We saw the spouts from far away: distant puffs of water, an array of fountains spurting out messages to anyone who ventured near. We crept closer.
Springtime is feeding time for whales off Cape Cod. They spend the winter in the Caribbean, where they don’t eat, so when they arrive in the spring they’re hungry. The whale watching boat wandered into a feeding frenzy of humpbacks, finbacks, and dolphins. We could see their slick bodies arch above the surface as they dove through the waves. Finback whales are the second largest animals to ever live on Earth. The only animal larger than a finback is a blue whale, which can grow to about 100 feet long. Finbacks are a close second, reaching up to 80 feet.
Humpbacks work together to capture food. One humpback will create underwater bubbles in a donut shape to disorient krill and fish. The prey ends up in the middle, surrounded by bubbles. Then another humpback will surface with an open mouth for a feast. A few daring seagulls might dip in for a fish before the mouth closes. The humpbacks take turns creating bubbles and eating. Whales can be recognized by their unique patterns. Naturalists onboard keep track of the whales while recording their activities and health conditions. They name the whales and know their habits and companions, so it’s a continuing saga to see what each one is up to.
On a cold day in May, we saw a humpback teaching her calf how to feed, repeating the steps while the calf mimicked them. A young adult whale showed fresh cuts on his skin from a recent fishing line entanglement.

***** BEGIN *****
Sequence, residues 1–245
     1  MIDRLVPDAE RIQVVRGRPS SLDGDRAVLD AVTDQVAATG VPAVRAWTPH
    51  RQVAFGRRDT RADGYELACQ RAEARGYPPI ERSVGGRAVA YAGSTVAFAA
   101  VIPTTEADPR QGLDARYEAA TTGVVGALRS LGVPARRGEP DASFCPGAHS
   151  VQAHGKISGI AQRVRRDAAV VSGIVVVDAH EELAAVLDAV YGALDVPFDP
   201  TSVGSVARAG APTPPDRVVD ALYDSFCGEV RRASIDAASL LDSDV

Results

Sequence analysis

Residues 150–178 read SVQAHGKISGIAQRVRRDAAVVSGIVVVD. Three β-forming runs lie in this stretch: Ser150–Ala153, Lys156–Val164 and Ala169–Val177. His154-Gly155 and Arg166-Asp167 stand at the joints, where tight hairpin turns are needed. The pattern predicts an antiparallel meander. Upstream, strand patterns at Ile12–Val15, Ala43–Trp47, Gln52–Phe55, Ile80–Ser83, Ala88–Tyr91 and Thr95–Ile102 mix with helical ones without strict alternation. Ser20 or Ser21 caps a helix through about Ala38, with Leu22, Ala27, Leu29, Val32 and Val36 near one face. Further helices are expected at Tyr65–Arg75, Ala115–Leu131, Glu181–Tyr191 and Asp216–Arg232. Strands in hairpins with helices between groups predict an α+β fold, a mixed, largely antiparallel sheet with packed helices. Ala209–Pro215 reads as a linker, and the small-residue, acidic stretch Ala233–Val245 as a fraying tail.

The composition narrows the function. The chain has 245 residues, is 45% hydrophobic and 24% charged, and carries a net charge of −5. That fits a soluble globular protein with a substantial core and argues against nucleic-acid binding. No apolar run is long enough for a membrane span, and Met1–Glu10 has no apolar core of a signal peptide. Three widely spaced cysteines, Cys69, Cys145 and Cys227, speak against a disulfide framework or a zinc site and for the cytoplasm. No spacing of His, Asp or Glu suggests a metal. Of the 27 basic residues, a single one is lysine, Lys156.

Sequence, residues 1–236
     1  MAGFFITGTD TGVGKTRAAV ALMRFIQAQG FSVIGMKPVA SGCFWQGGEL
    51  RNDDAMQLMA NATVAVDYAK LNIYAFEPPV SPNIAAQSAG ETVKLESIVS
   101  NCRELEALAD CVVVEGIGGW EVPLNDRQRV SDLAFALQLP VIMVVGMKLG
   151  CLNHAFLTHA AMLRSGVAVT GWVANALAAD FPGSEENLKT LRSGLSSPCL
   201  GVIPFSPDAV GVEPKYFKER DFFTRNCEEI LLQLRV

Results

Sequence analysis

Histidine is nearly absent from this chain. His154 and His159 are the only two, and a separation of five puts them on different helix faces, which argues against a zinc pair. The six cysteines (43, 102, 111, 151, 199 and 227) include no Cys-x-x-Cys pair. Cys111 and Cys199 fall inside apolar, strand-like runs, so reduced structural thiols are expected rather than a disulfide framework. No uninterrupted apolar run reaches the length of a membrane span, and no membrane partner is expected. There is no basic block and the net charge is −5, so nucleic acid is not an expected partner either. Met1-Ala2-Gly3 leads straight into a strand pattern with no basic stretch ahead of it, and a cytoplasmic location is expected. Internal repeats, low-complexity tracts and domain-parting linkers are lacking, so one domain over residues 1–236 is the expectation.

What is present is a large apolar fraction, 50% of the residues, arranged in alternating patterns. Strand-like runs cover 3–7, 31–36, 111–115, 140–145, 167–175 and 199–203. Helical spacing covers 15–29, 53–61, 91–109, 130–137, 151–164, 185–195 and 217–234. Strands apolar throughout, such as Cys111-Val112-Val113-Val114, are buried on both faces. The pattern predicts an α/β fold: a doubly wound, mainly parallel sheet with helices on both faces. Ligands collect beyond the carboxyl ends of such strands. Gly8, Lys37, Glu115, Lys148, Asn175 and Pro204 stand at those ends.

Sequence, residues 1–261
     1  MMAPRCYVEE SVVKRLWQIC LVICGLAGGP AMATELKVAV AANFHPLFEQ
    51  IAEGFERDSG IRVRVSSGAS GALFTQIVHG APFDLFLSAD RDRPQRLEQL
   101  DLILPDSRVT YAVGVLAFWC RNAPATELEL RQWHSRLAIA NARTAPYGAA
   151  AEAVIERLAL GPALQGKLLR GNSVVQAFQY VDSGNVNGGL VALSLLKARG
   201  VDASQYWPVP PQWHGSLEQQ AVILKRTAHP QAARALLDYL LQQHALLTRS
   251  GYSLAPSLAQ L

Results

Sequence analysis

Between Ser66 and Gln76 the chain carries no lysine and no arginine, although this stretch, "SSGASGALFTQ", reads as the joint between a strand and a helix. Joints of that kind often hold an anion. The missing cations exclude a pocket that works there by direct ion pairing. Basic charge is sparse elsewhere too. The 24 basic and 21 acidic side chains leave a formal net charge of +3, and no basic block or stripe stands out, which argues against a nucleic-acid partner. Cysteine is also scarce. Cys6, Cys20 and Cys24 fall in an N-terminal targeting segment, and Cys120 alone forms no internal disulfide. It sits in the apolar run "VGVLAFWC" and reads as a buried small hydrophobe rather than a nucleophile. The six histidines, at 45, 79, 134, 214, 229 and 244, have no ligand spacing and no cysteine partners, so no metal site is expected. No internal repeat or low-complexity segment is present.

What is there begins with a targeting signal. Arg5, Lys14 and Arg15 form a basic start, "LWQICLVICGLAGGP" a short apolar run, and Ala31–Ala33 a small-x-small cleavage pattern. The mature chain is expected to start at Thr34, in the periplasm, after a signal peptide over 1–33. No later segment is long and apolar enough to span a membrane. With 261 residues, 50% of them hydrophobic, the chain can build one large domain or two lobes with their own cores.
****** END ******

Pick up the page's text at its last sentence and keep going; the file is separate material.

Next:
A hunting moratorium went into effect for humpbacks in 1966 when the population fell by 90 percent. Since then, the population has recovered to around 80,000 worldwide. In April, fisheries managers proposed that they be removed from the endangered species list.
North Atlantic right whales haven’t been so lucky. Today, only about 400 remain in the world, according to the nonprofit organization Defenders of Wildlife.
A hushed quiet and a sense of peace came over us as we watched the whales glide through the water. We could hear their muffled sighs as they came up for air and feel their struggles for survival.
Back in the 1800s when a whale beached, people would run out with knives and buckets for the oil. Now we run to the beach to save the whale. Maybe things have progressed at least a little.
Hyannis Whale Watcher boats cruise by Sandy Neck while going out to Stellwagen Bank where the whales feed. It’s much easier to take pictures of the houses and lighthouse than the constantly moving, appearing and disappearing whales.
Humpback whales have been known to sing continuously for up to 24 hours. Whales in the same region all sing the same song and that song gradually changes from year to year. I wonder what their songs will be into the future.
Have you ever been on a whale watch? What do you think of whales?